Gate, wired with stock fence

Thursday 23 May 2019

Sorry Sir, we don't make that part anymore

We're late cutting the grass in the orchard this year.  Essentially I've been busy on other projects and "the grass can wait".  One of the neighbours kindly helped me out one recent weekend by mowing approximately two thirds of the grass using our Hyundai Field Trimmer. Considering he'd never used it before, he did a really good job. Thank you Ian!

After we'd packed up for the day, I thought it was about time I gave the machine its annual service. This normally just changing the oil, which is messy because the drain plug is not well positioned on the Hyundai.  Now I use an oil vacuum pump which makes life a lot easier, but you have to remember to measure the amount of oil you've removed. When filling with fresh oil it needs to match the amount you remove. Over filling creates some spectacular smoke clouds from the exhaust if you operate the trimmer down a hill slope.

This year I decided to change the spark plug and the carburettor air filter. The plug change was easy, though it did highlight the spark gap on the old plug was too wide. A correctly gapped plug made a good improvement to the starting process. I also looked at the air filter. It was quite dirty so it definitely needed a change. I'd ordered a replacement air filter a couple of weeks before, and had it ready. Unfortunately when I came to swap out the old and new filters, I discovered the new filter was too small, by about 1 cm in width and breadth. It wouldn't lodge securely in the filter holder on the field trimmer. I  took some photo's of the parts and contacted the suppliers. "I'm sorry, it looks like we sent you the wrong filter. We'll post you the correct one immediately."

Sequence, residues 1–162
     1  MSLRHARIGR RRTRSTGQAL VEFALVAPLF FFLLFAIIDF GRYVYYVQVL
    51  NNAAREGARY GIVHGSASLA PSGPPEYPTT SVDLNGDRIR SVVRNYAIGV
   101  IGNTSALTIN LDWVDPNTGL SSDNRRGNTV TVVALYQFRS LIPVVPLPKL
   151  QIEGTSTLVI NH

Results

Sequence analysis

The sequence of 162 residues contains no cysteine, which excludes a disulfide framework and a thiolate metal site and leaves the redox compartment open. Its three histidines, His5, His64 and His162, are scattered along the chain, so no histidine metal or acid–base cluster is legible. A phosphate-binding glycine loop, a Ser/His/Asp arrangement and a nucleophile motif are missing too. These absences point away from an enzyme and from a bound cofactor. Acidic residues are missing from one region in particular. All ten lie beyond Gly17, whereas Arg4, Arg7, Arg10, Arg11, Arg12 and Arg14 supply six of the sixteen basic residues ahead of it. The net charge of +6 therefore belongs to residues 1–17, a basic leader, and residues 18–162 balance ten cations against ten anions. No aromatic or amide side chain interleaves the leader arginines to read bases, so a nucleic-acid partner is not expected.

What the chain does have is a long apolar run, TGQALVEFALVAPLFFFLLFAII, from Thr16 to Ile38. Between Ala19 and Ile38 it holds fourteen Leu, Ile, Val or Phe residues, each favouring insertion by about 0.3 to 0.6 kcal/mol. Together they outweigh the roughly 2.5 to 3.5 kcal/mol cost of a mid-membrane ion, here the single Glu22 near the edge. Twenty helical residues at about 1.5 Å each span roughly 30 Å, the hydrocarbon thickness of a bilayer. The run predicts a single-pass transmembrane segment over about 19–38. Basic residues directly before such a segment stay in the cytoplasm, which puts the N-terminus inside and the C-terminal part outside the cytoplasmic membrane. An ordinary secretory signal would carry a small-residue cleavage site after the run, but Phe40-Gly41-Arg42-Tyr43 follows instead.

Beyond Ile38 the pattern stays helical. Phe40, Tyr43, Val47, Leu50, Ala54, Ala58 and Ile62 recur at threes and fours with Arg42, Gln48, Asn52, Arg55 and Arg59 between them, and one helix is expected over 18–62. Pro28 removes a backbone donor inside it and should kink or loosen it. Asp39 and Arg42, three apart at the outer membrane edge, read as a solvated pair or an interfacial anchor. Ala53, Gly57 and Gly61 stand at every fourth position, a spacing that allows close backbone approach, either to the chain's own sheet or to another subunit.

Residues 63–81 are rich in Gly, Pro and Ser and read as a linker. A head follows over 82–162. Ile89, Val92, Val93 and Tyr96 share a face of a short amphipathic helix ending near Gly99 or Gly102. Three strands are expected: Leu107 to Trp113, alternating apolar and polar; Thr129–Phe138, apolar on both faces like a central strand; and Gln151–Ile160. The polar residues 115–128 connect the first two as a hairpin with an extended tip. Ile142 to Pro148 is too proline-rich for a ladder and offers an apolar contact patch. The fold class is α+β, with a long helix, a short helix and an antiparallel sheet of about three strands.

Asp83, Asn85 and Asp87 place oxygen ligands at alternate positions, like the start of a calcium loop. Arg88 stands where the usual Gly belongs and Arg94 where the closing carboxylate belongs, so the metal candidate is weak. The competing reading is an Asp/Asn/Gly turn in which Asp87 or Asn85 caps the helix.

I waited a week, but nothing arrived, so I contacted the distributor again. "We have sent you one, but it must have gone astray in the post. We'll send you another by tracked mail."  Sure enough, a couple of days later the new filter arrived.  It was still too small, the same size as the original one they'd sent to me. I made contact again and we agreed that Hyundai had probably changed the design of the air filter and housing.  I'd purchased the machine in 2014, so I was disappointed the spare part was no longer available. However, by good luck, my workshop is set up for resin casting and making Silicone Rubber moulds. I told the distributor, not to worry and that I would cast a mould in silicone rubber to adapt the new filter block to make it suitable for mounting on the "old" field trimmer.